Updated: 2/24/2018

Visual Pathway

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Overview
 

 
Introduction
  • When light passes through the lens it reaches the
    • the retina, where the formed image is
      • inverted and reversed
        • for example, upper visual space information will be projected to the lower retina
    • axons leave the retina into the optic nerve
      • fibers pass through the optic chiasm and subsequently in the optic tract
        • there is fiber crossing in the optic chiasm
          • neuronal fibers from the left side of the retina (left hemi-retina) will end up in the
            • left optic tract
          • neuronal fibers from the right hemi-retina will end up in the
            • right optic tract
    • axons in the optic tracts will synapse in the lateral geniculate nucleus (LGN) of the thalamus
      • fibers from the LGN makes it way to the visual cortex as optic radiations
        • inferior optic radiations form the Meyer's loop
          • which carries information from the inferior retina (and thus the superior visual field)
          • note that these radiations pass into the temporal lobe and therefore
            • temporal lobe lesion result in a
              • contralateral homonymous superior quadrantopia ("pie in the sky")
        • superior optic radiations pass by the parietal lobe and therefore
          • lesions of the parietal lobe results in a
            • contralateral homonymous inferior quadrantopia ("pie on the floor")
    • optic radiations eventually synapse in the primary visual cortex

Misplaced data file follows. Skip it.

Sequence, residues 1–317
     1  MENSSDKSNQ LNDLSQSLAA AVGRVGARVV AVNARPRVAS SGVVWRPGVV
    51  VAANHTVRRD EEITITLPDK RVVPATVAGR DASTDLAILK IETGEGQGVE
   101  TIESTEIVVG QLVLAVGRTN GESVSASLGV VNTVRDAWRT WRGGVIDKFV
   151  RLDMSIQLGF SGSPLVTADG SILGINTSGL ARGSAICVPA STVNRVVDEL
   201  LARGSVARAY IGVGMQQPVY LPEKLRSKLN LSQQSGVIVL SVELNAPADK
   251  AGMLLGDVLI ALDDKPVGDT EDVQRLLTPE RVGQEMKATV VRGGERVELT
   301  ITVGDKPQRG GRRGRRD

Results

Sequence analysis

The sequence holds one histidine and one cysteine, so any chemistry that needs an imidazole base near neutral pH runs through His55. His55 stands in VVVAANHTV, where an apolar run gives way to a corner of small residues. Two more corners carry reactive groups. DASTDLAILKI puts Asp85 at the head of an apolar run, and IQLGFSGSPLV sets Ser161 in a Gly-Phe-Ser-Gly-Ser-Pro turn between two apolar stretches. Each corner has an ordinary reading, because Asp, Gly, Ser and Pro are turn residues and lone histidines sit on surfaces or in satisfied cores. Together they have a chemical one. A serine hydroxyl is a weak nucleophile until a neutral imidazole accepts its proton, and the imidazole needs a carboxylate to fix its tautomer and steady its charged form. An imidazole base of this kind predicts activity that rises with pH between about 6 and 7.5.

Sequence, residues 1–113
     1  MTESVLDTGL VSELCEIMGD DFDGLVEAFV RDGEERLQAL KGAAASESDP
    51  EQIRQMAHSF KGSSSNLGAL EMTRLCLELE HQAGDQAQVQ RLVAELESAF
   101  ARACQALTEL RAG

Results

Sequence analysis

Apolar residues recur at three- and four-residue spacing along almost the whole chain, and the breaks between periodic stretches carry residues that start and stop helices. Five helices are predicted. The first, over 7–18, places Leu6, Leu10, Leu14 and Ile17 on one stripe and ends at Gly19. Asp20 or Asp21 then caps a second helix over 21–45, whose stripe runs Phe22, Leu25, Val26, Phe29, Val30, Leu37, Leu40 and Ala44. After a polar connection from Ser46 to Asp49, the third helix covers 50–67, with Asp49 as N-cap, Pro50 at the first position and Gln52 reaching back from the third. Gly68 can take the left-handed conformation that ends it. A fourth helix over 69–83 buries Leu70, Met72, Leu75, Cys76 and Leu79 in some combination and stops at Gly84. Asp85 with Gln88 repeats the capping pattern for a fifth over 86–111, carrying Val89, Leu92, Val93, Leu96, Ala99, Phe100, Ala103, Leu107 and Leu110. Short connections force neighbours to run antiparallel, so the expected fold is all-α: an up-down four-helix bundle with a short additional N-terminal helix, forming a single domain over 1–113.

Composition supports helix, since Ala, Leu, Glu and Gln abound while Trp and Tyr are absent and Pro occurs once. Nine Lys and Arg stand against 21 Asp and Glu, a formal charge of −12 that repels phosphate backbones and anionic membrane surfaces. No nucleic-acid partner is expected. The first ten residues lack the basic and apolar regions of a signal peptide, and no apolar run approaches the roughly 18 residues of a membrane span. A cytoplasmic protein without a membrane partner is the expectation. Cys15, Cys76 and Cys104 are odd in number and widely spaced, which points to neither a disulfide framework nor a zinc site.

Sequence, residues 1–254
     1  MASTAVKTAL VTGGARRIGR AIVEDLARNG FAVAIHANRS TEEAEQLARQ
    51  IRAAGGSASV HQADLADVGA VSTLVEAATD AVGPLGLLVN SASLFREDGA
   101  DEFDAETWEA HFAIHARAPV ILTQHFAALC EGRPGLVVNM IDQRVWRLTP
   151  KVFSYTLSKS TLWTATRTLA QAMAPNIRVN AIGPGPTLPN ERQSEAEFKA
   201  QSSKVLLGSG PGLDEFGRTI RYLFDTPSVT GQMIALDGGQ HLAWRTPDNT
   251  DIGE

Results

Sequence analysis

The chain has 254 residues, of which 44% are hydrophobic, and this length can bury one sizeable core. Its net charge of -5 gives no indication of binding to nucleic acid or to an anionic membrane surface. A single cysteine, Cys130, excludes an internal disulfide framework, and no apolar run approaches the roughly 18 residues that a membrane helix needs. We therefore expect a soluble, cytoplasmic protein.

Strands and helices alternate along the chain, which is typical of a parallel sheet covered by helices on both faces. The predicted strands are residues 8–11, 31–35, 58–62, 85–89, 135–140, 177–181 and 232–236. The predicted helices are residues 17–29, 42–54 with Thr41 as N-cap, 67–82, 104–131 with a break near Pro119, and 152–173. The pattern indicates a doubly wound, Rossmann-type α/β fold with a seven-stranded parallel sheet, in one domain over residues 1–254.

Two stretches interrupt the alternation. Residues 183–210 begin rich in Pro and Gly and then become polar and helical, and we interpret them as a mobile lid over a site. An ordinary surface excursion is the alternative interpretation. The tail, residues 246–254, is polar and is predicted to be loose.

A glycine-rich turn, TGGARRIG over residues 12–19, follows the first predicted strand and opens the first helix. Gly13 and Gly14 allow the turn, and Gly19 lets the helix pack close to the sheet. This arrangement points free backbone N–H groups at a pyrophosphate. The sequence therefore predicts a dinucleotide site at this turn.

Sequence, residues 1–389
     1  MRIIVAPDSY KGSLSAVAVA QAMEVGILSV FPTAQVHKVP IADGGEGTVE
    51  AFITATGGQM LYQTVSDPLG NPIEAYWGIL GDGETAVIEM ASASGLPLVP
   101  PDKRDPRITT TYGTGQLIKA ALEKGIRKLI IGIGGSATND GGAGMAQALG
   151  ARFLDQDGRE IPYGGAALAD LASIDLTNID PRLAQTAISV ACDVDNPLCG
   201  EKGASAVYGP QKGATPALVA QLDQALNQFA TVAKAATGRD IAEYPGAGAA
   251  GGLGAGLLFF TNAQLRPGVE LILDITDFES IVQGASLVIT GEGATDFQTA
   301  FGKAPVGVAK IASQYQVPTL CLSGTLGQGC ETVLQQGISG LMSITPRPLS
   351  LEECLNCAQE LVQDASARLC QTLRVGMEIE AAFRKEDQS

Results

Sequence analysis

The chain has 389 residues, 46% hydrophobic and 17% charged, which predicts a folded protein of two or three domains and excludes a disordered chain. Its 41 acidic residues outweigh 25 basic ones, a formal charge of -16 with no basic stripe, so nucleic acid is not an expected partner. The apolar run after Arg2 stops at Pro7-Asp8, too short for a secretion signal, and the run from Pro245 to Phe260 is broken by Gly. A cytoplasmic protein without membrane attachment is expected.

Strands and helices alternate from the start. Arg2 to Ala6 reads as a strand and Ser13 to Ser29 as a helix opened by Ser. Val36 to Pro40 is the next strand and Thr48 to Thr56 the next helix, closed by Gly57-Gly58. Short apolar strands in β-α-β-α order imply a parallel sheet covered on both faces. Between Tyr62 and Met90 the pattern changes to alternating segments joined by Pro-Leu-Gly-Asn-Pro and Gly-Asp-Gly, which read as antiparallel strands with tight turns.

• superior optic radiations project to the
        • superior bank of the calcarine fissure
      • inferior optic radiations will project to the
        • lower bank of the calcarine fissure
  • Summary of conscious vision perception
    • retina → optic nerve → optic chiasm → optic tract → lateral geniculate body → optic radiation to primary visual cortex
  • Additional pathways
    • retina → optic nerve → optic chiasm → optic tract → pretectal area and superior colliculus
      • the pretectal area is important for the
        • pupillary light reflex
          • swinging flashlight test is used to diagnose a relative afferent pupillary defect
            • normal 
              • both pupils constrict quickly and equally when either is exposed to direct light
              • pupils do not change in size when light moves quickly between eyes
            • abnormal (lesion in the afferent pathway)
              • sensory stimulus from affected pathway to the midbrain is reduced
              • unaffected pupil will dilate from its constricted state when light is moved from the unaffected to the affected eye 
              • common causes include unilateral optic nerve lesions and severe unilateral retinal disease
      • the superior collicus and pretectal area is important for
        • eye movement towards visual stimuli
Common Lesions 
 
Select Visual Field Defects
Visual Field Deficit
Etiology
Central scotoma
  • Macular degeneration
  • Retinal
    • infarction
    • hemorrhage
    • degeneration
    • infection
Monocular vision loss
  • Optic neuritis
  • Anterior ischemic optic neuropathy
  • Optic glioma
Bitemporal hemianopia
  • Pituitary adenoma
  • Craniopharyngioma
  • Hypothalamic glioma
Contralateral homonymous hemianopia
  • Optic tract lesions (rare) secondary to
    • malignancy
    • demyelination
    • infarction
  • Optic radiation lesions
  • Lesion involving the entire primary visual cortex
Contralateral superior quadrantanopia ("pie in the sky")
  • Temporal lobe lesions 
  • Lesions involving the lower bank of the calcarine fissure
Contralateral inferior quadrantanopia ("pie on the floor")
  • Parietal lobe lesions such as
    • infarction of the superior division of the middle cerebral artery
  • Lesions involving the superior bank of the calcarine fissure
Homonymous heminanopia with macular sparing
  • Posterior cerebral artery infarction